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Private investment into Ghana’s pension funds has seen strong growth in recent years, prompting continued interest in a nascent industry. A handful of players has also emerged to take on Ghana’s underserved informal economy, writes Jerome Amedo, Asoko Insight’s Lead Researcher in Ghana.
In late March, Old Mutual Ghana – a subsidiary of the South African parent company – launched the Old Mutual Pension Trust Ghana with an aim to draw voluntary informal sector participants. The firm hopes to leverage its relationships with industry associations and cooperatives to tap into the market. Despite also offering services to formal sector employees and employers, the move makes Old Mutual the third firm to target the informal economy specifically.
Launched by Dutch firm, Enviu, the People’s Pension Trust Ghana (PPTG0 received its license from industry regulator National Pension Regulatory Authority (NPRA) in September 2016. Opening its doors to investment in December, the PPTG became Ghana’s first private sector pension fund offering products tailored to the informal sector. Participants face no minimum contribution and can withdraw up to 50 per cent of their annual contributions.
Like Old Mutual, PPTG leaves the door open to the formal sector but hopes that low saturation in the informal market will allow for rapid expansion; it is targeting 500,000 clients and more than $25 million in assets by 2021.
Both firms have entered a space thus far vastly underserved by just one other player, private securities firm National Trust Holding Company (NTHC), which acquired the government’s SSNIT Informal Sector Fund in 2012. The Fund was established in 2009 by the Social Security and National Insurance Trust (SSNIT), a government agency, and has since doubled size to $17.7 million in terms of assets managed.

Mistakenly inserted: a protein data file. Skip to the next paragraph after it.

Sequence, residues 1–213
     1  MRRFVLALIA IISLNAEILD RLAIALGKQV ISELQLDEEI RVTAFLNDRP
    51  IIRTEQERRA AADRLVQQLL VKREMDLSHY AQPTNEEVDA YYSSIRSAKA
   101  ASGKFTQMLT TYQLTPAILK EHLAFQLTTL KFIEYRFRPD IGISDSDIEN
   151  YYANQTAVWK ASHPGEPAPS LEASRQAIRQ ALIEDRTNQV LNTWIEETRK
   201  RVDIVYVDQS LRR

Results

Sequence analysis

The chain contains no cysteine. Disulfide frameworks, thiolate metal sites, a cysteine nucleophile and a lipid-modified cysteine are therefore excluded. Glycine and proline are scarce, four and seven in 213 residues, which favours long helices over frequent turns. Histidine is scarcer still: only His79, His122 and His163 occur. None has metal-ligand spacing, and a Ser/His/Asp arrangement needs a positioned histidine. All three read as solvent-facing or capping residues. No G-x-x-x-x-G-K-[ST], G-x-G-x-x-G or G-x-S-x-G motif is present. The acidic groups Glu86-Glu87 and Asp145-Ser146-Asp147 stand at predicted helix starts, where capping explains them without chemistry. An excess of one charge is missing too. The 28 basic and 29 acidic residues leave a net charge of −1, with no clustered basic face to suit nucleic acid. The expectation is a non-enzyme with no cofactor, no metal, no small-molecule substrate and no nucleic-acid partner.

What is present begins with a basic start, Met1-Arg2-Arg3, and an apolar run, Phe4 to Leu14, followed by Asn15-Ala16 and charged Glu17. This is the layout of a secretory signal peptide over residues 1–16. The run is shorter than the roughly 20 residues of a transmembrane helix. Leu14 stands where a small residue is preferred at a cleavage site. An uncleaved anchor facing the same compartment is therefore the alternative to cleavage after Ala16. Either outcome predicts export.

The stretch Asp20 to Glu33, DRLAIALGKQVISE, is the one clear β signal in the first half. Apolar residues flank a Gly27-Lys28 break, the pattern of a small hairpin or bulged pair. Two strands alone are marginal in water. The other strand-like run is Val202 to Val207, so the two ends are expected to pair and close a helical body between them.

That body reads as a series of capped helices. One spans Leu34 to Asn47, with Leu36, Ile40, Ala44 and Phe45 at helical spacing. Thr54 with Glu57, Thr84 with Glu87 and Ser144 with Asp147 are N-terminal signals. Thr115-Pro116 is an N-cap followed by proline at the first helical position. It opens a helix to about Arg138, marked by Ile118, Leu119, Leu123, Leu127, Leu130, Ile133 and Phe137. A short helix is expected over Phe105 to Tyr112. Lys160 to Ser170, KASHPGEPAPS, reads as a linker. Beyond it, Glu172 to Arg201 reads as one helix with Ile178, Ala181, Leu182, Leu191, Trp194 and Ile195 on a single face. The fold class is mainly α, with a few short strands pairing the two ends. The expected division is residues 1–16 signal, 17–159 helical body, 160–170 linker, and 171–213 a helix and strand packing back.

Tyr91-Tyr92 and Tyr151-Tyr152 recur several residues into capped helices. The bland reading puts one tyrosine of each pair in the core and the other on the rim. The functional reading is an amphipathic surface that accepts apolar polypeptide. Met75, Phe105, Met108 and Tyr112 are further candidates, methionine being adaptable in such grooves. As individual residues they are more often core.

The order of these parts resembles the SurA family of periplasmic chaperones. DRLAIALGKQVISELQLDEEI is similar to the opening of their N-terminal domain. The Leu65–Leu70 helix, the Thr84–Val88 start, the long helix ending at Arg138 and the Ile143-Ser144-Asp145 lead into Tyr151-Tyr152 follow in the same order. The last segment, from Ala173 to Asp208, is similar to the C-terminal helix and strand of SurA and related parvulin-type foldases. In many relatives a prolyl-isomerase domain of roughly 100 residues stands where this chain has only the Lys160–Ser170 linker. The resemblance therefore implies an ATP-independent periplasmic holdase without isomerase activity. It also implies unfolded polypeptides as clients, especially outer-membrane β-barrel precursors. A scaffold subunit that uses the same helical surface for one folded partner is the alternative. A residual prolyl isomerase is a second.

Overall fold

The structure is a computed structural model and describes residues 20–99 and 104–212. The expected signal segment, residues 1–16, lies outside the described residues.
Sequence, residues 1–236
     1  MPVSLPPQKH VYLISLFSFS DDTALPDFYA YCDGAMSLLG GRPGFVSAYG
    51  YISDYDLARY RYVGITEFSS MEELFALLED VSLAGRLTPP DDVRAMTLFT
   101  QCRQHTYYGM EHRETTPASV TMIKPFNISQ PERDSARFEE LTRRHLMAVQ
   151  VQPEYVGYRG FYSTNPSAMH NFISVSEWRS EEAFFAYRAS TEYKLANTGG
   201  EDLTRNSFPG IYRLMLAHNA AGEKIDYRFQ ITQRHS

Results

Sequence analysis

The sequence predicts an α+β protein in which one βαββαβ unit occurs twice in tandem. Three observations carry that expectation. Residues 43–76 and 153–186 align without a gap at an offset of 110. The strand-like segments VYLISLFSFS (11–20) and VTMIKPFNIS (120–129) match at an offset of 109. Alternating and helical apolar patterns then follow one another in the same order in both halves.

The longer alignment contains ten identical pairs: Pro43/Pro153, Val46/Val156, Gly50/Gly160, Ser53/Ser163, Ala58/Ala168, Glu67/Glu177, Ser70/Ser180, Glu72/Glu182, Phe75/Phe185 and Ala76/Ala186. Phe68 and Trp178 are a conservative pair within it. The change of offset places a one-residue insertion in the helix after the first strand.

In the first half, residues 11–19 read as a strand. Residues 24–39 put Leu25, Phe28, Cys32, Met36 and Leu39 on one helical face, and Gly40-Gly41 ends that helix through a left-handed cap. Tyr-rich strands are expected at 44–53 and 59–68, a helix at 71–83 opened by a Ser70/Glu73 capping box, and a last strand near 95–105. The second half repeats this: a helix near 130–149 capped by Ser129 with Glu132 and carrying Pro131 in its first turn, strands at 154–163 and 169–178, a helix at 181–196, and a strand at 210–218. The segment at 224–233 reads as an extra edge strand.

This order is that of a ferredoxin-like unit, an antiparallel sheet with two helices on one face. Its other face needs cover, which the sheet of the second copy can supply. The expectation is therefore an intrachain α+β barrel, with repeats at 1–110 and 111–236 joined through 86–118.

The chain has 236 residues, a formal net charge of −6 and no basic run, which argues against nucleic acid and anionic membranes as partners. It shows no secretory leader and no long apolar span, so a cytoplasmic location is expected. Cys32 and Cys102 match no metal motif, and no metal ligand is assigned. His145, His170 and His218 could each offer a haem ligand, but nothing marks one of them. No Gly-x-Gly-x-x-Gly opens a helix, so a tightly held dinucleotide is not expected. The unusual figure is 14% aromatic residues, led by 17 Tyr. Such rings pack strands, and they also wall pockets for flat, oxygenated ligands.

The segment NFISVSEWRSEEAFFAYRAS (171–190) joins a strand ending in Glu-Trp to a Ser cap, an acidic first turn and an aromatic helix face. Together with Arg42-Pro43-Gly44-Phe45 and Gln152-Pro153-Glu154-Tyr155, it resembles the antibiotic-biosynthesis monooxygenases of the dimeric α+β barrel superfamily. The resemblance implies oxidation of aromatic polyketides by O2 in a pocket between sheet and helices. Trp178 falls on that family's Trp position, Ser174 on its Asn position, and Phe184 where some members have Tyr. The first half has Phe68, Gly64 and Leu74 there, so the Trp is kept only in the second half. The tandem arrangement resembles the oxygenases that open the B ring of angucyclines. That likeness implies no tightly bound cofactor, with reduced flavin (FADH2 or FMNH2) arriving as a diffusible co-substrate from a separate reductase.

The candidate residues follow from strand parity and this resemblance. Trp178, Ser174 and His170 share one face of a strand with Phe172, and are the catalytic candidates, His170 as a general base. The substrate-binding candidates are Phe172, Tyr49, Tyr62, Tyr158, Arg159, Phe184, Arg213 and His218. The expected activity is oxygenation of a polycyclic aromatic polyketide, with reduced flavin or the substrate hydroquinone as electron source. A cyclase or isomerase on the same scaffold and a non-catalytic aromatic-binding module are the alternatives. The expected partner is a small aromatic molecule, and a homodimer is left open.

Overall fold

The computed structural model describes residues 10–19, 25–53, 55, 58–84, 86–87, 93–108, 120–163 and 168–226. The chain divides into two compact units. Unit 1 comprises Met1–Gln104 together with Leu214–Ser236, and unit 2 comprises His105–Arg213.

However, with a client base of 150,000 contributors, the Fund covers just a fraction of an informal workforce estimated at 11.2 million according to the World Bank. Unsurprisingly, the government estimates that more than 70 per cent of informal workers do not have a pension of any kind and this is partially due to the remaining 30 private pension firms catering their products primarily to formal sector workers.
This represents a strong value proposition for investors into the informal space. In March, the regulator tried to attract informal sector entrants by waiving fees for those looking to license their operations.
Total assets held by Ghana’s private pension funds reached $1.1 billion at the end of 2015, according to the NPRA, representing 3.3 per cent of GDP. The latest OECD data reveals that between 2014 and 2015 investment into Ghana’s private funds increased 72.5 per cent compared to a change of 3.3 per cent for Kenya over the same period. Between 2012 and 2015 the change was a remarkable 480 per cent.
Increased private sector participation comes on the back of a 2008 amendment which took effect in 2010 and removed a SSNIT monopoly on Ghanaian pension funds, allowing for private sector investors to participate in the compulsory Occupational Pension Scheme and the Voluntary Pension Scheme. The SSNIT retains control of the Basic National Social Security Scheme.
This restructuring of the sector has not been without teething pains. One of which has been strict guidelines for pension fund investment which operators complain limits their long term investments. For example, funds cannot invest more than five per cent of total assets into listed assets and are capped in their corporate and government bond participation.
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